OP-ED: Spare the Air: A matter of life and breath

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OP-ED: Spare the Air: A matter of life and breath

Postby Wilberforce » Sat Jan 26, 2013 7:45 pm

OP-ED: Spare the Air: A matter of life and breath
January 26, 2013, 05:00 AM By Jack Broadbent

A recent letter to the editor (“Wrong target” in the Jan. 19 edition of the Daily Journal) gave voice to several unfortunate misconceptions about the Bay Area Air Quality Management District’s programs, and we’d like to take this opportunity to set the record straight.

First of all, wood burning is not a “statistically minimal” source of air pollution: it’s the single largest source of fine particle pollution in the wintertime, accounting for more than 30 percent of the total. There are 1.4 million fireplaces and wood stoves in the Bay Area, and when even a small proportion of these light up on a cold, still winter’s day, the air quality results can be comparable to what happens when smoke from wild fires engulfs the region in the summer and fall.

Fine particle pollution has many of the same components as second-hand cigarette smoke, and is just as harmful. Our wood burning regulation was designed to protect the public on days when fine particle pollution is forecast to exceed federal health standards, which are set by the federal government to mark the point when air quality becomes especially hazardous to breathe.

Furthermore, our wood burning regulation is just one facet in an extensive framework of regulations we’ve developed to protect air quality in the Bay Area year-round. We enforce strict regulations that limit emissions from large industrial sources like refineries and power plants to smaller sources like gas stations, dry cleaners and restaurants with char broilers. These regulations are the product of intensive study and consideration, taking the latest scientific research and technological innovations into account.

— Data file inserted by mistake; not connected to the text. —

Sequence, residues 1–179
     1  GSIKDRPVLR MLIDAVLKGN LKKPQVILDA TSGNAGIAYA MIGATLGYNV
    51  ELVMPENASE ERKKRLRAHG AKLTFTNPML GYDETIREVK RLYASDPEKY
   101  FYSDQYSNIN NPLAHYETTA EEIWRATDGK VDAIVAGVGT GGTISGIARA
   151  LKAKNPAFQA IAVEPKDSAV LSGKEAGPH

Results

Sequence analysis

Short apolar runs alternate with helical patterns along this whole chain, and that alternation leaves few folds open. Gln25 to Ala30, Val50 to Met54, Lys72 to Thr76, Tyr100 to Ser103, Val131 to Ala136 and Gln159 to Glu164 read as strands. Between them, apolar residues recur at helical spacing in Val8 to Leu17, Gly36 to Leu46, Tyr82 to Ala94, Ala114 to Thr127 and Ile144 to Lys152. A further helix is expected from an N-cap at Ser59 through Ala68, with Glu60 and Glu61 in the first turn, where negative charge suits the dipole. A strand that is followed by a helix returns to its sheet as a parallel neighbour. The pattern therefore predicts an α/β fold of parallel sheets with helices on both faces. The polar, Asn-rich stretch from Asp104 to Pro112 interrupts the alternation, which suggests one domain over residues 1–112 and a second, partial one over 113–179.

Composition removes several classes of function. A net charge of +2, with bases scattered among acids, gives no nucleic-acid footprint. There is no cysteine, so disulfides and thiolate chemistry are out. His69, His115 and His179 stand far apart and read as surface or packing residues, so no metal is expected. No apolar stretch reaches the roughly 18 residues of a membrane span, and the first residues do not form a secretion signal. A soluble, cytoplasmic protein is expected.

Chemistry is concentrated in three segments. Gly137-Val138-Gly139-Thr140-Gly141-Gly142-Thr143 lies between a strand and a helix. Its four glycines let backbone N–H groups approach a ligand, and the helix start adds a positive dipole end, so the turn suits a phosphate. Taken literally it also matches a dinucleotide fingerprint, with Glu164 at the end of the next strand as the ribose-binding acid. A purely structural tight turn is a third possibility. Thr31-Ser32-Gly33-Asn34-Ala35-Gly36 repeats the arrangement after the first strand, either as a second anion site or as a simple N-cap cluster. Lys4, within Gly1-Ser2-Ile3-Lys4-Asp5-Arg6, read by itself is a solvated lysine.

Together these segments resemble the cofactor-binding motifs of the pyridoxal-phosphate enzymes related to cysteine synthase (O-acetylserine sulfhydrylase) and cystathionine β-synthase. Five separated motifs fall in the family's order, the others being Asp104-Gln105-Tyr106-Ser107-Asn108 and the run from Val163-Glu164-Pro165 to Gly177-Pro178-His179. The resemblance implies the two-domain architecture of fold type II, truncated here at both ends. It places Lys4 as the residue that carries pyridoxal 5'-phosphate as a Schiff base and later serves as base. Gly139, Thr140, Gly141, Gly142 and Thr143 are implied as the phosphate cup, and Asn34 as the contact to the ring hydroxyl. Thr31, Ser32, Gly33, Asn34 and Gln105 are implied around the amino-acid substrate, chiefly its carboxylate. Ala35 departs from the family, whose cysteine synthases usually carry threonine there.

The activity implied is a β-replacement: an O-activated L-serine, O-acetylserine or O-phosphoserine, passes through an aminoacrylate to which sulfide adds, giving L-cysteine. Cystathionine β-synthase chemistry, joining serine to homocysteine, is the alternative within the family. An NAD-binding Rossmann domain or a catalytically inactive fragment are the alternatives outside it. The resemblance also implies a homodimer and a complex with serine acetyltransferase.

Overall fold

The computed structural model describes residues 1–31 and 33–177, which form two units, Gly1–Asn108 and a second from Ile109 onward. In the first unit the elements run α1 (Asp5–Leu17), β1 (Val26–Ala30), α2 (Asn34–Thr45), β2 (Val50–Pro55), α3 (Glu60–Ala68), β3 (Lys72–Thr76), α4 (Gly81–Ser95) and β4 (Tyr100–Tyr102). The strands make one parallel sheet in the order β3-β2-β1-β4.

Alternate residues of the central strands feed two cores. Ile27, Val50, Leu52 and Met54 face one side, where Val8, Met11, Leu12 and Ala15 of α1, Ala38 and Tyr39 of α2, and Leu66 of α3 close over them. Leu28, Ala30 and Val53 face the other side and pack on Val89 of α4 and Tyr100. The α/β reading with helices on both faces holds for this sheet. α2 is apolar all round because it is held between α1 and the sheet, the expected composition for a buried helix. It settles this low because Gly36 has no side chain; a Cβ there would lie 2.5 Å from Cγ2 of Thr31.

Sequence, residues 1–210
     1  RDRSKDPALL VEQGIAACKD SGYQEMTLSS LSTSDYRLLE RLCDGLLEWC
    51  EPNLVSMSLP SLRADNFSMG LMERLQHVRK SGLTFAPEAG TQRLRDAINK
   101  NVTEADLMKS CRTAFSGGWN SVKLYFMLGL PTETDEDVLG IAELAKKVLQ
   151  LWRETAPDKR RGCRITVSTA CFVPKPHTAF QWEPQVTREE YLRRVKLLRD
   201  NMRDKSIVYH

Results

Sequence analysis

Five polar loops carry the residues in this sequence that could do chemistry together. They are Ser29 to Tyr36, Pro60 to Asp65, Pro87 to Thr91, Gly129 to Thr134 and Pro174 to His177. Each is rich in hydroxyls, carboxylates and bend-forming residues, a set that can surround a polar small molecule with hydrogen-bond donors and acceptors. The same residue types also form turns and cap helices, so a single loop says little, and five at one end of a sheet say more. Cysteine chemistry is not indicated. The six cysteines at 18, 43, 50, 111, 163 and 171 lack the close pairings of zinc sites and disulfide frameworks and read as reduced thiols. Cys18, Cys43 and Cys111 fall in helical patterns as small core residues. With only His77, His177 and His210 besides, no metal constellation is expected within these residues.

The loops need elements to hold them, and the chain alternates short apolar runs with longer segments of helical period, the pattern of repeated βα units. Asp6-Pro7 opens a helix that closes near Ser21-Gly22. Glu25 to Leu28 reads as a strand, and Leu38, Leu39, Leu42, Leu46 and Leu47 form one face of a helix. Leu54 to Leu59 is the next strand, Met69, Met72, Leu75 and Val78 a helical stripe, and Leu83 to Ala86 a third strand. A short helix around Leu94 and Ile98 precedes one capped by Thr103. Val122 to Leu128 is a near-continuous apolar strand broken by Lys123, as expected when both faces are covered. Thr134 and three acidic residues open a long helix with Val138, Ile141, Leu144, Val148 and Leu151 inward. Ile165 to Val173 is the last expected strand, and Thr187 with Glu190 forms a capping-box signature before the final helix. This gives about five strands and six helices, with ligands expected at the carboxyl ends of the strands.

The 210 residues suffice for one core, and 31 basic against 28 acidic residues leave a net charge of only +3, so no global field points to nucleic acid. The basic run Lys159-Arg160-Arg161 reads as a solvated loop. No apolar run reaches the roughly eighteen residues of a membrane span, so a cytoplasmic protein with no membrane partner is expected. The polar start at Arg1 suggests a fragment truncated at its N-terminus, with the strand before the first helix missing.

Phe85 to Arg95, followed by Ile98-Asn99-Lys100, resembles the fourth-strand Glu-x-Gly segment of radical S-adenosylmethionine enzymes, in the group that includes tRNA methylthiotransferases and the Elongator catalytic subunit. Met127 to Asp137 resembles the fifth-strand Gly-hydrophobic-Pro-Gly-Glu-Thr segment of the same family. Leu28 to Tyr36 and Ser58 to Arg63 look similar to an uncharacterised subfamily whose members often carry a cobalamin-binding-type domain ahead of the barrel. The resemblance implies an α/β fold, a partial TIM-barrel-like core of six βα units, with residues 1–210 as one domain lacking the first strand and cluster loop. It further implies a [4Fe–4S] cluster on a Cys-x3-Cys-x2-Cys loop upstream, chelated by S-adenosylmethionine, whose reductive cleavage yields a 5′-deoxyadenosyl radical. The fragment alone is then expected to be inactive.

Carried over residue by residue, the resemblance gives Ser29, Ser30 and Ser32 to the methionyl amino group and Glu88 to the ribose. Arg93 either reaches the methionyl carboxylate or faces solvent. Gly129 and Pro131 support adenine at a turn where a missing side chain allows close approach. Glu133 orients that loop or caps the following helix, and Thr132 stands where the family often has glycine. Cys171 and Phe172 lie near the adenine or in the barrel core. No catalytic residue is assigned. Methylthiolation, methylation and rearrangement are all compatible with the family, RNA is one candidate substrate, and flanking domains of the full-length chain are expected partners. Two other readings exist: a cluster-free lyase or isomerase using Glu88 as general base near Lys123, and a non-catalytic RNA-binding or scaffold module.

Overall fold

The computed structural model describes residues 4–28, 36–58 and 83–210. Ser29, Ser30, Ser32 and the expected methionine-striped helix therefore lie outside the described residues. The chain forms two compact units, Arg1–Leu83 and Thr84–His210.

Motor vehicle regulations are handled at the state level, and California has the strictest standards in the country for vehicle engines and fuels. But the air district encourages alternative to driving alone in the spring and summer months through the Spare the Air program.

Altogether, these rules constitute an ever-evolving network of air quality protections that, despite constantly increasing population and traffic numbers, have contributed to a steady and impressive decline in overall pollution levels in the region.

But there are still many days each year when air quality endangers public health, and the wood burning rule is a key element in the proper regulatory response. It can’t be emphasized enough that wood smoke is no trivial concern: with one in seven Bay Area residents suffering from asthma, and with fine particles responsible for 90 percent of premature mortality due to air pollution in the region, Winter Spare the Air alerts really are a matter of life and breath.

Jack Broadbent is the executive officer for the Bay Area Air Quality Management District.

http://www.smdailyjournal.com/article_p ... d%20breath
• The Surgeon General has determined that there is no safe level of exposure to ambient smoke!

• If you smell even a subtle odor of smoke, you are being exposed to poisonous and carcinogenic chemical compounds!

• Even a brief exposure to smoke raises blood pressure, (no matter what your state of health) and can cause blood clotting, stroke, or heart attack in vulnerable people. Even children experience elevated blood pressure when exposed to smoke!

• Since smoke drastically weakens the lungs' immune system, avoiding smoke is one of the best ways to prevent colds, flu, bronchitis, or risk of an even more serious respiratory illness, such as pneumonia or tuberculosis! Does your child have the flu? Chances are they have been exposed to ambient smoke!
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